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About Me

The focus of my journey is now on trying to help reach the tipping point in positive, scientific based horse training. To bring science into the work, and training out of the dark ages. Having seen the joy that positive reinforcement training brings to both partners in the horse - human relationship over the past 17 or so years, there is no going back...

 

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"Thinking of your horse as behaving badly disposes you to think of punishment. Thinking of your horse as struggling to handle something difficult encourages you to help him through his distress."- The Concordia Connection

July 13, 2016

This month’s blog is all about an amazing lady who inspires me and everyone who meets her. Her name is Bernice. Her horse’s name is Altea and together their ages total well over 100. Altea being 20, so you do the math.

Bernice and Altea have been at my barn for about a year, but I’ve known Bernice for many years. She was originally my teacher when I was at University and was fondly referred to by all the students as ‘the dragon lady.’ You did not mess with her.

Bernice had been doing work with the clicker for several years with me off and on at another barn where she was boarding for several years. Zack, her old Arab, had been trained by a wonderful fellow and knew how to do lots of things, including some high school dressage, but he was getting on and had many health issues so things, while they progressed, we...

May 6, 2016

I had the pleasure of teaching in Ottawa this past weekend. There were a great group of ladies with many, many years of combined horse experiences, but only a few who had been exposed to clicker training, and most of those through the dog world, so it was very exciting to see all of them get excited about the possibilities with the horses.

As the weekend unfolded and they could see just how fast the learning occurred they got very excited about all the possibilities for their horses.

The horses we used in the demos were a good cross section with regards to exposure to the clicker work.

It went all the way from Carter who was a rescue and Anne his owner did a lovely demo for us all of all the work she had done using the clicker to get him from a horse referred to as dangerous into a lovely confident fellow who lo...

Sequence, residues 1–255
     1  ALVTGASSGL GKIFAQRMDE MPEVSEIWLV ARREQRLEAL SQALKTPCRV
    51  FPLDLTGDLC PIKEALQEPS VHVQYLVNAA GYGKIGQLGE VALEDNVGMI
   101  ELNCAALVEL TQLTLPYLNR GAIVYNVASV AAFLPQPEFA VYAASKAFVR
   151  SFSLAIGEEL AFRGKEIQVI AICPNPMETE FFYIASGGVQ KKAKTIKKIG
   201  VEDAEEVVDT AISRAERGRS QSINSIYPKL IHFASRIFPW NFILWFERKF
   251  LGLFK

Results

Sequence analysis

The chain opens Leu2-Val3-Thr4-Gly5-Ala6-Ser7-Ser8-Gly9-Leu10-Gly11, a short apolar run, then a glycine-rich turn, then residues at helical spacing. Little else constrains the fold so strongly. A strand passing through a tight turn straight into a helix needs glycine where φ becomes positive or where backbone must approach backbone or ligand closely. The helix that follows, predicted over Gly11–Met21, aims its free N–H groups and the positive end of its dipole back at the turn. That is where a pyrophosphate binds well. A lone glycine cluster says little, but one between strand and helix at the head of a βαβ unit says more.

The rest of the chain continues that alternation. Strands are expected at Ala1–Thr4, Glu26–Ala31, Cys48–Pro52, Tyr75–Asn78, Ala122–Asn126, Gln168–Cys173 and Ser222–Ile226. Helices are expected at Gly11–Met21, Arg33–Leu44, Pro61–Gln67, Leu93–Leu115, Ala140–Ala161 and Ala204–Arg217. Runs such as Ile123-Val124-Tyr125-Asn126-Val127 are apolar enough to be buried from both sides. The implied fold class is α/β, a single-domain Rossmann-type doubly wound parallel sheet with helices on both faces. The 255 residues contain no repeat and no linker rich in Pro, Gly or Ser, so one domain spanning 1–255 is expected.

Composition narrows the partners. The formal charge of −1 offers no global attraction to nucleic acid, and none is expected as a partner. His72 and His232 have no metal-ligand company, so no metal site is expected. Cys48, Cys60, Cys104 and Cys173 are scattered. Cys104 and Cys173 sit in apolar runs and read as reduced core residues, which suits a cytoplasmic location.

January 7, 2016

Well, 2015 certainly zipped by. I have now had ‘U’ for a bit over a year. Many people would not have been happy taking this amount of time to get to where we are in our relationship, but I have both the luxury, and experience to be able to do feel confident in this decision. And ‘U’ has certainly proved it to be the correct decision.

‘U’, when he first arrived, did not want anything to do with humans. He would stand with his head in the far corner of his stall, not wanting any interaction at all. He was an angry and depressed fellow. Never was he mean or nasty but definitely not a fan of interacting.

I introduced him to novel behaviour that would have no negative associations with them and made sure is was told he was right and wonderful for doing these simple behaviours like targeting and standing on a mat. Tr...

April 15, 2014

I was recently asked ‘If I wanted to compete and still use clicker training, how would I ever ride a whole dressage test? I click and treat for every behaviour, which means my horse stops to get his reward.’

The science and theory behind the way to do this can be a bit of a mind-bender concept for some folk, but I will try and explain it here and hope you can wrap your head around why it works.

The concept is based on chaining behaviours together. This is typically used when you have a good sized list of behaviours already established to work with.

We start by teaching, through positive reinforcement, several behaviors – for example, the foundation lessons. Once a behaviour is well understood and has a strong reinforcement history, doing the behaviour becomes pleasant and the act of doing the behaviour actually...

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